The California education establishment is making a distinction between the Common Core mandated collection and sharing of student information with education establishement partners in research, book publishing, test makers, computer and software manufacturers and the political ruling class and government bureaucracy on the one hand; and the court-ordered release of the student data to a law firm representing the Morgan Hills Concerned Parents Association.

In the eyes of the Concerned Parents of California, no distinction exists and parents are advised to Opt Out of both.

In practical terms, the Common Core-related collection and sharing of student data is far more likely to leak into unintended hands and be misused than the court ordered release of documents related to the Morgan Hills Concerned Parents Association vs. the California Department of Education case.

The Common Core-mandated collection and sharing of information, which has been going for years, is far more broad in the number and kinds of people and organizations that will gain access to the personally identifiable data. This is consequently far more likely to put it at risk of hacking and malicious handling by many levels of potential rogue agents.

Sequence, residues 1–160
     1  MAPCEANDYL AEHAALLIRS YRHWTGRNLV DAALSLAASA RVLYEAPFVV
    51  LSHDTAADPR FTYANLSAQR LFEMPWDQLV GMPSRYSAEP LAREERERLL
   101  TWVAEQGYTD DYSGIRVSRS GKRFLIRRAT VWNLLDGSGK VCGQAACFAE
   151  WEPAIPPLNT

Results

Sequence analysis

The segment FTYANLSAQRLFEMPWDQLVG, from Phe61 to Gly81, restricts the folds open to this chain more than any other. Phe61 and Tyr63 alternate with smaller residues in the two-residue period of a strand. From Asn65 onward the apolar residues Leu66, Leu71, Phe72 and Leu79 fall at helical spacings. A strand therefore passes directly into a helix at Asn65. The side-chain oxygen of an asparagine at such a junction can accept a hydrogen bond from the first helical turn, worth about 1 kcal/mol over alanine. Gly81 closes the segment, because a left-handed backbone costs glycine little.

It is widely known that even the most secretive and well-funded agencies of the United States such as the National Security Agency, Central Intelligence Agency, the Office of Human Resource Management, not to mention thousands of “top-secret” emails allegedly stored illegally in former Secretary of State Hillary Clinton’s email server housed in a rented apartment’s bathroom.- can and have fallen into unintended hands.   The data in the custody of schools, school districts and the CDE could just as easily fall into the hands of potential rogue agents working for Microsoft, Common Core book publisher Pearson and Test makers Edulastic and many others.

Hacking of the most advanced technology companies such as Apple Computer, Entertainment giants like Sony Pictures and insurance companies such as Healthnet is further indication that the only secure data are data that we do not surrender, all other data are vulnerable.